The first few months were blissful. Kari introduced me to new authors, took me to places in New Delhi that I didn’t know existed. My first drunken night out was with her, as was my first sexual experience with a partner. I introduced her to my parents as a ‘new friend’. They liked her. We made it official to our common friends. I was ‘in love’ and happy.
Because homosexuality had been decriminalised only recently, the newspapers would occasionally carry features on same-sex couples committing suicide or eloping, or opinion pieces by bigoted politicians who said homosexuality was a disease. I destroyed the pages that had such stories so my father wouldn’t be able to read them. I was hoping to set up a home with Kari in the future so I didn’t want my family to have any kind of negative impressions about same-sex relationships.
Eventually, I began to feel the weight of her emotional baggage. The main issue was her father. Their arguments were frequent, sometimes unwarranted but almost always rabid. As a result she would either cut communication with everyone or be in a bad mood for days. To keep her away from the acrimony at her home, I would invite her to stay over at mine, more nights in a row than my parents found acceptable. Most of our weekends were also spent together—window shopping at the mall or eating out. Once she suffered an eye injury on her way to work. I kept her with me till she was fully recovered. I had no answer when my dad asked why I had to take care of her when she had a family of her own.
I was still a student back then and my obsession with Kari was creating a rift between dad and me. He felt I was investing more time than necessary in my ‘friendship’, rather than finishing my studies and finding a job. A part of me agreed with him. There were days when I felt a sigh of relief when Kari was unable to spend time with me. When the fights got progressively worse, I would put my phone on silent just so I could miss her calls. I know now that when you look for ways to avoid being around your partner, there is something wrong with the relationship that needs to be addressed.
But back then, as an immature 20something, I had internalised the idea that I was the privileged bisexual and Kari was the lesbian with the troubled family and more prone to persecution. I was ashamed to admit to myself, least of all to her, that I needed some space. I realised much later that my thinking was skewed. Kari was not a hapless victim that needed to be protected. Even though I was in love with her, it was not my job to fix her life. Interestingly, she never asked me to either. But because of a misplaced sense of self-righteousness, I didn’t set boundaries early on and failed to manage her expectations. Or maybe, she did take advantage of her gayness? I would never know.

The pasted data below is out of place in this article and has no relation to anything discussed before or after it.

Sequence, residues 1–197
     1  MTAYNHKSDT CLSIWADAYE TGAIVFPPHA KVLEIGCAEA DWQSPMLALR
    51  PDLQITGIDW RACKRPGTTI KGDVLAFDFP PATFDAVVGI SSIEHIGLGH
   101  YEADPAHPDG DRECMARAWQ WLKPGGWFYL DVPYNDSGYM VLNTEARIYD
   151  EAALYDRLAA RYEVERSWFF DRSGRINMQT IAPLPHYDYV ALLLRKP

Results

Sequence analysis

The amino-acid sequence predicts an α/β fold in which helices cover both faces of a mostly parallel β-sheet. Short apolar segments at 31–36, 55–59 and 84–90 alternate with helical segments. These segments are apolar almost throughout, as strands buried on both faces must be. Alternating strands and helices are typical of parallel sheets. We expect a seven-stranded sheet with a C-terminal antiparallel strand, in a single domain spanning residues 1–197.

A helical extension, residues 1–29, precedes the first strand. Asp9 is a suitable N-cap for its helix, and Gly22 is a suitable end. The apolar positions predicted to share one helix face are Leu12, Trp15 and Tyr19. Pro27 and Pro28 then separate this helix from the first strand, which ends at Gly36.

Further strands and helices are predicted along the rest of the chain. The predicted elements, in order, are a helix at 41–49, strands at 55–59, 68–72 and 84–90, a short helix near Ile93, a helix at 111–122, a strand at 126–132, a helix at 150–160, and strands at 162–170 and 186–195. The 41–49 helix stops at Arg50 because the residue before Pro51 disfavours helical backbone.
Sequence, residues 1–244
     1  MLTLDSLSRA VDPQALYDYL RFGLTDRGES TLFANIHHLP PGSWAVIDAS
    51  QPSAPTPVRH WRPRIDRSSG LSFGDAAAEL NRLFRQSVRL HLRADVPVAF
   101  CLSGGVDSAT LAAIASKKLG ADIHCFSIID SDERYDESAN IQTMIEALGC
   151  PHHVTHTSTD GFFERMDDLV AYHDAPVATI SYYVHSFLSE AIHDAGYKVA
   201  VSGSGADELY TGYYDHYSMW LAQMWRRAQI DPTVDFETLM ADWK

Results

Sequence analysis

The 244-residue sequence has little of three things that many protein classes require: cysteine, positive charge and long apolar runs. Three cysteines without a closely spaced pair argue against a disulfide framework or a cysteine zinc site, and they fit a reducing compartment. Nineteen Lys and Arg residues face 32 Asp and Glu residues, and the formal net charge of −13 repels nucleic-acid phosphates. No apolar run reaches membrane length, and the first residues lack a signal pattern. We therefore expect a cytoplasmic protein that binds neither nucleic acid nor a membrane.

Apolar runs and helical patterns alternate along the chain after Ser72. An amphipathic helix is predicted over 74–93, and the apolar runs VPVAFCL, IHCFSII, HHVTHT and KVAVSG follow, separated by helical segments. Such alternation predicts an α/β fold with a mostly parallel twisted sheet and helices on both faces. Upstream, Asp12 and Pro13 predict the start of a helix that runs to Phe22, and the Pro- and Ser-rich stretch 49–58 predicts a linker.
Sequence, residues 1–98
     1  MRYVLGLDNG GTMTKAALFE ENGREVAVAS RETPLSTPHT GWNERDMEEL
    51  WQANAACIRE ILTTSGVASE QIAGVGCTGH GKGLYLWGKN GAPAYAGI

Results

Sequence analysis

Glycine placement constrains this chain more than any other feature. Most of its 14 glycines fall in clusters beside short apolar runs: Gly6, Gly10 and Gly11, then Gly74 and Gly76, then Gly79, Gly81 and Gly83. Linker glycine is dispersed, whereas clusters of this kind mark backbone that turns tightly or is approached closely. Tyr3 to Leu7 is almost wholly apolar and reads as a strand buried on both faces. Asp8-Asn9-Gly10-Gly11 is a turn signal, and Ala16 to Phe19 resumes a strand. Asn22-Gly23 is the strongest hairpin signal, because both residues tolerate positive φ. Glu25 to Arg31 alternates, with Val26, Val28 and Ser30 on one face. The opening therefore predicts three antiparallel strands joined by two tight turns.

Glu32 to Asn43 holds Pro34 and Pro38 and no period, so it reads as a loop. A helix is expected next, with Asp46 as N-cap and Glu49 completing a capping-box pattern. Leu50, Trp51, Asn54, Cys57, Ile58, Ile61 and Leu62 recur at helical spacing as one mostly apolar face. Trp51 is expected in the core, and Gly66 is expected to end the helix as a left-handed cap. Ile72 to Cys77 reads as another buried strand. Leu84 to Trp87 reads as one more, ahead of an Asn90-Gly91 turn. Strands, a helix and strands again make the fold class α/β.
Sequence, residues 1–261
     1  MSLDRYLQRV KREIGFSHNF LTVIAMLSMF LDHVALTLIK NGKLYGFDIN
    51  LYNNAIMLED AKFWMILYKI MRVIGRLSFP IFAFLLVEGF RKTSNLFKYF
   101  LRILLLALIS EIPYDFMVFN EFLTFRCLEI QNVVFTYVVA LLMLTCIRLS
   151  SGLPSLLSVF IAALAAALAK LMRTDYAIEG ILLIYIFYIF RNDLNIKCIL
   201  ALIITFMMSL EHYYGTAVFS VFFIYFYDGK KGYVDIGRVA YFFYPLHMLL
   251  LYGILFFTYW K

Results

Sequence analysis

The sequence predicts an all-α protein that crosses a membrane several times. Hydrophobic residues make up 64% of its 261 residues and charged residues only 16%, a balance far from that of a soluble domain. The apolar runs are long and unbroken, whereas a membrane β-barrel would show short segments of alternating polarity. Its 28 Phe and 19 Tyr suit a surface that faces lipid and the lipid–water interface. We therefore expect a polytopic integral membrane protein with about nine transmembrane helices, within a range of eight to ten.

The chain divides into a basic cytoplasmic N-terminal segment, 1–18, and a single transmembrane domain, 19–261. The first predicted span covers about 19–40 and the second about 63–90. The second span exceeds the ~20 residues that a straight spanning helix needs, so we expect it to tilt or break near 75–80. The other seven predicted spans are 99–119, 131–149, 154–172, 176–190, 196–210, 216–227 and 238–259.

The relationship eventually ended and a few years later I moved to the UK.
What I am going to say next will perhaps be met with a lot of censure. But if the end goal is acceptance, then there should be space for all kinds of discourse. So here goes: I am that bisexual woman who at this point only wants to have sex with other women. If I meet you at a bar or at an event and we connect, I will be honest about this and if you want the same thing, then tag along. ‘Are you disillusioned because of one bad relationship?’ you might ask. Not really.
I come from the land of the Kamasutra but my culture is taking baby steps when it comes to sex and sexual expression. The expectation of me is to marry a man and be part of the heteronomy. I have already broken several expectations: been with a woman, been with a man, still not married. I don’t think I have the courage to make my alternate sexuality official. But who knows what happens five years down the line. I don’t know I am figuring this out like everyone else. LGBTQ will be the new normal when our generation has children and we share our stories with them. Till then, let’s start by at least being honest to ourselves. Sure, we bisexuals have more options but that doesn’t inherently make us untrustworthy. Allow us our uncertainties and doubts. People don’t have to agree with our choices but we shouldn’t be stigmatised because of them either.